The district covers 348 square miles and requires a fleet of 384 buses traveling 26,000 miles each day to transport students to and from school. Buckalew is located within one of the county’s two urban areas; the rest of the district is suburban and rural.
As late as 2000, no schools within the district used cameras. The idea of CCTV use came from several directions. First, a number of administrators were being hired from other jurisdictions that had used cameras; having seen the benefits of cameras in use in a school setting, they all supported the start of similar efforts in the Conroe I.S.D. Additionally, the district’s police department—primarily the chief and the coordinator of school safety (the author)—had researched and were strongly advocating the use of cameras for crime prevention and post-event crime solving.
Buckalew, however, proposed CCTV through its own efforts. Video surveillance efforts there began when 18 portable classrooms, or temporary buildings, were added to the campus. The school had a very active and relatively affluent parent-teacher organization (PTO) that was concerned with the safety of the children who were unsupervised while changing classes and moving between the buildings.
To meet these concerns, the PTO paid for the installation of a basic surveillance system consisting of four cameras, one at each exit of the main building leading to the portables. A monitor was installed at the front desk for the front office secretary. In addition, the teachers in the portable classrooms were able to watch any of the cameras via their computer monitors to see that students sent to the bathroom or front office, for example, went where intended. Teachers can observe the monitors during classroom instruction, and when a child returns past the camera, they know to expect the child back in class shortly. If the student does not immediately enter, the teacher can quickly initiate a search for the student.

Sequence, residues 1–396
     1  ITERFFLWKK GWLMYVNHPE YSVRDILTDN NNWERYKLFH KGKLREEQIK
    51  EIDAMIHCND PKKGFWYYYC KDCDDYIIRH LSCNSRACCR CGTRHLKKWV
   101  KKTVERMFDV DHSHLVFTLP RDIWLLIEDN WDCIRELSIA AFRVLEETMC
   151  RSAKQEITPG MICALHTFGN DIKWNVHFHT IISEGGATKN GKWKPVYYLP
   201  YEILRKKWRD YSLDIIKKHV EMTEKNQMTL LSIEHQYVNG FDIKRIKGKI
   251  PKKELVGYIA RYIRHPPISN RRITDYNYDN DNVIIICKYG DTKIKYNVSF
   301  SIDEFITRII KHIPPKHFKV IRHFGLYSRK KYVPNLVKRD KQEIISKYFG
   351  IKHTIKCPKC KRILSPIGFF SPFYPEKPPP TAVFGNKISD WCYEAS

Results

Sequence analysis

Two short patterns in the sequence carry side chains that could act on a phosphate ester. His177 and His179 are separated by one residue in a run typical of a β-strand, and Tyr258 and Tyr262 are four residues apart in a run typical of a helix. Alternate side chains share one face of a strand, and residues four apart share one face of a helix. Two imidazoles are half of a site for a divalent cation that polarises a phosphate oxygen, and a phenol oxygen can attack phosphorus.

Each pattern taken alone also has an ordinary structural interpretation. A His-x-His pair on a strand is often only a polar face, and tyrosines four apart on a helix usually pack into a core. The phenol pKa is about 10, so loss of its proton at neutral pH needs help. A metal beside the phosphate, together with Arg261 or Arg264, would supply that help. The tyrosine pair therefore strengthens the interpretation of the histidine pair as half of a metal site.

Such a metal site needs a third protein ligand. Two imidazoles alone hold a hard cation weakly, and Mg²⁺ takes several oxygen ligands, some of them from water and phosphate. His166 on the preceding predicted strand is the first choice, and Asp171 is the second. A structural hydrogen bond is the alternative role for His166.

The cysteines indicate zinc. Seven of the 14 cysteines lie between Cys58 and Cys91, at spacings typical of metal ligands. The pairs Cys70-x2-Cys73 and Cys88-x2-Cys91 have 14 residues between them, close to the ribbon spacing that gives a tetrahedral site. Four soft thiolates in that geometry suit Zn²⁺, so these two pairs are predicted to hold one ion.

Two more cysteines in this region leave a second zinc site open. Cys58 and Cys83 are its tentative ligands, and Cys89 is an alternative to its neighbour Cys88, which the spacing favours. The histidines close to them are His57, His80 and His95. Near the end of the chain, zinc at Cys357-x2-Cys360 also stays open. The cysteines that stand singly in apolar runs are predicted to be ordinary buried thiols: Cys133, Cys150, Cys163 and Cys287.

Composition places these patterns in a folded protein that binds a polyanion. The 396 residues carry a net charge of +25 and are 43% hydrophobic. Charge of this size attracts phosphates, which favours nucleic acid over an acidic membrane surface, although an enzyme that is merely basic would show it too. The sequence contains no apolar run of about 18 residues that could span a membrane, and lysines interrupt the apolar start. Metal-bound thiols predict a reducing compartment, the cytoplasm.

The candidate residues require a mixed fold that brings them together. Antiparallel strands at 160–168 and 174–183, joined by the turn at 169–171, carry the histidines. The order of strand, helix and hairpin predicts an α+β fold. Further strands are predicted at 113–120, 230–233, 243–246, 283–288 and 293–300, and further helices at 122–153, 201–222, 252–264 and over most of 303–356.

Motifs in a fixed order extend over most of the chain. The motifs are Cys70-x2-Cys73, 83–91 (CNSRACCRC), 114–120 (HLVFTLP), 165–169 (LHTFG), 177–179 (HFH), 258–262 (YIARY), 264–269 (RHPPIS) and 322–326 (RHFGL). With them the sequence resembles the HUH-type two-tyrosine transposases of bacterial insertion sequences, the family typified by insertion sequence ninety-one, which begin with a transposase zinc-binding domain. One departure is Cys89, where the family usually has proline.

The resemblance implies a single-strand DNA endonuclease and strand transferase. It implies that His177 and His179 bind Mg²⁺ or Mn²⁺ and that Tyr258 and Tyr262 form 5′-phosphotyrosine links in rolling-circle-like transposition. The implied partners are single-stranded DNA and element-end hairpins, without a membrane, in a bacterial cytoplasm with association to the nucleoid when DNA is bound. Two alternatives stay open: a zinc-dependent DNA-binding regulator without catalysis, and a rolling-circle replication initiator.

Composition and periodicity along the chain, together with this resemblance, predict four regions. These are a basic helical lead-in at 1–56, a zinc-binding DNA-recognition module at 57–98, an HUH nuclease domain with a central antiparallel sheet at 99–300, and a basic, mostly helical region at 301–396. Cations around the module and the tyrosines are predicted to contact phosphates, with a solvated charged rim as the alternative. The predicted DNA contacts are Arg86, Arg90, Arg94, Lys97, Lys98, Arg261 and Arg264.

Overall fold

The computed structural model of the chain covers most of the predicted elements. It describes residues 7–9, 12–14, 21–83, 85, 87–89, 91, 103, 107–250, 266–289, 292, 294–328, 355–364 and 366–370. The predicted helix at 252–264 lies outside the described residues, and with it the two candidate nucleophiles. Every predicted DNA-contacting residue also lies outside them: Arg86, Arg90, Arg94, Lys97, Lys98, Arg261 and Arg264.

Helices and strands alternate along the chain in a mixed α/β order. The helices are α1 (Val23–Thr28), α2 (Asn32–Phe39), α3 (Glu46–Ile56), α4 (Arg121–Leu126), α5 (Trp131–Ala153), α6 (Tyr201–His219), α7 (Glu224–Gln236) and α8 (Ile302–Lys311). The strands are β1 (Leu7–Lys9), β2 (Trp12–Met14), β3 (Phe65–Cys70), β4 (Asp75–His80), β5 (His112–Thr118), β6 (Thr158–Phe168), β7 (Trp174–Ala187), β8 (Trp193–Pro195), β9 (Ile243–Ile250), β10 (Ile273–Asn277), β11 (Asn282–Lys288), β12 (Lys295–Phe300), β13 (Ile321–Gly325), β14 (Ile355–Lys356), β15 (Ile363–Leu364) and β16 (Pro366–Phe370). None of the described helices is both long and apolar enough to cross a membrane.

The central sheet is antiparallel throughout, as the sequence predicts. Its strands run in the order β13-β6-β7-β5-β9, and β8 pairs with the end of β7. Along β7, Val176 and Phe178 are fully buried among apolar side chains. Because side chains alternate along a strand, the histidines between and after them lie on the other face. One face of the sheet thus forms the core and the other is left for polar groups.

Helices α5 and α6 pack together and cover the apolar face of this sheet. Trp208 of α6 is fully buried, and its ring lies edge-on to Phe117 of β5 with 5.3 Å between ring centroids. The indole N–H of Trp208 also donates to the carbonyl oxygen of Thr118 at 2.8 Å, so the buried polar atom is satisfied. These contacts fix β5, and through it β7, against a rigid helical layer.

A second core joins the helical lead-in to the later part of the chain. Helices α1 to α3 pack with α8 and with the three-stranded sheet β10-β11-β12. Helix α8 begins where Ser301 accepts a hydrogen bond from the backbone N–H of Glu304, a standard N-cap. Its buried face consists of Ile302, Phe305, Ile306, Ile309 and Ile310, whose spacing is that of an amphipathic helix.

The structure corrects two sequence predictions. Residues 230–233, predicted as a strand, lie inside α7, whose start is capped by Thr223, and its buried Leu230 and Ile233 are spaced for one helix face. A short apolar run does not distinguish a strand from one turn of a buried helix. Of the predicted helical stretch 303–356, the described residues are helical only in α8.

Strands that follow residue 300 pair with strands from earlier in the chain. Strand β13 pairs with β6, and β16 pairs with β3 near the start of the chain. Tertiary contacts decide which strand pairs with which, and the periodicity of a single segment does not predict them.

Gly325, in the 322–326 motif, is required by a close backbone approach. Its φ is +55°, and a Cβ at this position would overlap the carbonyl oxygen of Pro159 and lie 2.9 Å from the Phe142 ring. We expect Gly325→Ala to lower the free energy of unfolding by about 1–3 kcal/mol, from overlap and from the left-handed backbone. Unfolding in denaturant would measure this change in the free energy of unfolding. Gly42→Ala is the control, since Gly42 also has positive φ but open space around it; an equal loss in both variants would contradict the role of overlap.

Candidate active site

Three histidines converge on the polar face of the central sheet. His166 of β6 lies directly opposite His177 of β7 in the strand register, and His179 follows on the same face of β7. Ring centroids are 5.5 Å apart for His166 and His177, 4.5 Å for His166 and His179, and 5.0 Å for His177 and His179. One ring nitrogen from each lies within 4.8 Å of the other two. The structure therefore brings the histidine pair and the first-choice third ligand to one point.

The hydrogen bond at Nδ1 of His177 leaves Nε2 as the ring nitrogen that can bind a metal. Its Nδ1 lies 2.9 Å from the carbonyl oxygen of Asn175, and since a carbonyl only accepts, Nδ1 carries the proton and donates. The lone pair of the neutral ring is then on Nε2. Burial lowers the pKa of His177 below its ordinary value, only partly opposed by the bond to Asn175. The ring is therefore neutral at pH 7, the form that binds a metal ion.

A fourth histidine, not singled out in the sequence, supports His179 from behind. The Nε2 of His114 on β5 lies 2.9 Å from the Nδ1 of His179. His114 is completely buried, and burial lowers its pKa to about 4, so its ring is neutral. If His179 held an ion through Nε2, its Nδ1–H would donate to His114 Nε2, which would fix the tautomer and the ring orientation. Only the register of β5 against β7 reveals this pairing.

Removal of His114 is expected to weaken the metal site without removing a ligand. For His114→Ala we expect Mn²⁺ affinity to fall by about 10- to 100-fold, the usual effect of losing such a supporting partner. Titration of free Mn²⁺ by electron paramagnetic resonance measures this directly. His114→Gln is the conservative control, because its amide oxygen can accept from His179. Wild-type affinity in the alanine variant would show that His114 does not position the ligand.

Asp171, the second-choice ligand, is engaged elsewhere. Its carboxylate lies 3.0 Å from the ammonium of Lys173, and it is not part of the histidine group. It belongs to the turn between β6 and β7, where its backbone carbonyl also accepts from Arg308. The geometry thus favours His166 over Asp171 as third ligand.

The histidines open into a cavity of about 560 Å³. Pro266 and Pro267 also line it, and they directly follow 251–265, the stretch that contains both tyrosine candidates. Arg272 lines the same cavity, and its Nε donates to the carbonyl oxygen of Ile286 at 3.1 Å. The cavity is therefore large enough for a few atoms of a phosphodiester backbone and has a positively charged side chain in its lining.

Buckalew’s system is similar to that at Cypress-Falls but it can be used without as robust a technological infrastructure as that required by the systems at Cypress-Falls and Spring, which would make it adaptable to other schools in the district. Those two districts are urban and are relatively compact in geographic size. Thus, they are all fully linked together by fiber optics, whereas Conroe’s district is both urban and rural and covers more than 347 square miles. Fiber is simply not yet available to all campuses in the Conroe district, which precludes them from using the same security solution as Cypress-Falls.
In addition to featuring monitors at the front desk and in classrooms, the system archives all video digitally on a computer hard drive and allows users to e-mail entire video clips as well as capture and print images on site and remotely.
The video system is scalable, meaning that the school can expand it as its needs and budget dictate. In addition, none of the hardware used is proprietary. This means that if a problem develops between the school district and the vendor, the district can locate other vendors who can service the system.
Despite the challenges entailed in getting a system installed, the school administrators contacted were in virtually universal agreement as to the benefits of cameras. When appropriately selected and properly installed, they can help curb crime (as well as violations of school codes of conduct). Further, when criminal acts do occur, quality systems provide records to apprehend the perpetrator. When combined with a quality burglar alarm system, cameras provide a tremendous advantage to school districts as well as law enforcement.
Stephen F. Garst, LCC (Leadership Command College), CCPS (certified crime prevention specialist), is a sergeant in the Conroe I.S.D. Police Department and coordinator of school safety for the I.S.D. The author would like to express his gratitude for the assistance of the school and safety professionals interviewed for this article and the invaluable input they provided.